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Future trends for Africa
November 26, 2017, 2:13 pm
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A new report from the Institute for Security Studies (ISS) notes that opportunities for progress abound in Africa, but governments need to make more strategic investments to improve development prospects for all on the continent.

Aside from conflict management and resolution other key trends to understanding how Africa's future could unfold over the coming decades are:

Africa's population will continue to grow rapidly and remain the youngest in the world: Africa's population is expected to increase from about 1.2 billion people today to over 1.8 billion in 2035. The demand for services will increase dramatically and put African governments under considerable stress. Besides these sheer numbers, the age structure of Africa's population is critical. Even in 2035, half of sub-Saharan Africa's population will be under 21, which means governments need to spend heavily on education, healthcare and extending basic services.

As Africa's population ages, the ratio between workers and dependents will improve - leading to a potential boost in productivity and economic growth. However, Africa's poorer economies are several decades away from experiencing a demographic dividend — and more importantly, most lack the necessary investments in human capital and job creation to capitalize on it.

Levels of urbanization will keep rising, offering both opportunities and risks: Many African countries are unlikely to reap the potential benefits of urbanization unless they systematically address some of the structural hurdles, such as lack of job creation, slow economic transformation to higher productivity sectors, poverty and inequality.

Absolute number of Africans living in extreme poverty is set to increase: On the current trajectory, population growth is likely to compound poverty in sub-Saharan Africa as it is outpacing economic growth. By 2035, as many as 170 million more Africans could live in extreme poverty (less than US$1.90 a day) than today. This is if the continent's economy grows on average around 4 percent per year to 2035.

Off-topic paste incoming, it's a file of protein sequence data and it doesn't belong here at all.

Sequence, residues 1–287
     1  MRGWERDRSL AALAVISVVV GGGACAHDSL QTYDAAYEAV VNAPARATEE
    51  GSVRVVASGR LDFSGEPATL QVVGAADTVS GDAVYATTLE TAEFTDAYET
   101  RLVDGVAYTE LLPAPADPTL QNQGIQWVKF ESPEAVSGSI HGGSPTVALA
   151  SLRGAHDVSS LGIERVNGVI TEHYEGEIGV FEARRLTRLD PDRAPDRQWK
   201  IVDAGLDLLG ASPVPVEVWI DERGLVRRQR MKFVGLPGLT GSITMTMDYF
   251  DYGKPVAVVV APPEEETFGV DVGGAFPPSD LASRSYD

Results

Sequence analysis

Africa's economy will continue to expand, but countries' individual performances will vary greatly: Overall, African economies need to grow much faster and make more strategic investments in human capital to reduce poverty, improve development outcomes and build adequate infrastructure.

Much of Africa is likely to remain vulnerable to global shocks. Its oil and metal exporters will continue to be the most exposed to global price volatility. Growth in non-hydrocarbon-dependent economies — energy importers and agricultural exporters — is likely to remain stable. Current and expected growth rates for some of Africa's agricultural exporters are in line with Asia's fastest-growing economies.

To improve resilience against external shocks, African states need to diversify their economies and tax base, raise revenue more effectively, increase productivity, create jobs and invest in critical infrastructure and the development of human capital.

Africa is likely to remain relatively isolated - both from the global economy and across its regions: African countries also need to dismantle some of the regulatory barriers to deeper integration to facilitate the movement of goods, people and ideas across borders and create regional economies of scale. Failing that, Africa will remain isolated, both from the global economy and across its regions.

Africa's ability to participate more in regional and global trade partly depends on improving transportation and trade infrastructure and streamlining regulations. That said, a strategy to connect Africa must also include investment in basic infrastructure, such as access to clean water, electricity and improved sanitation. These services are key components of productivity and hence growth.

Modern technology may offer a way to replace costlier forms of more basic infrastructure. However, leapfrogging the construction of roads, water supply or sewerage facilities, for example, is simply not possible.

While the challenges may seem overwhelming, the study from ISS also points to areas that African governments could leverage to capitalize on the enormous potential that exists on the continent.

 

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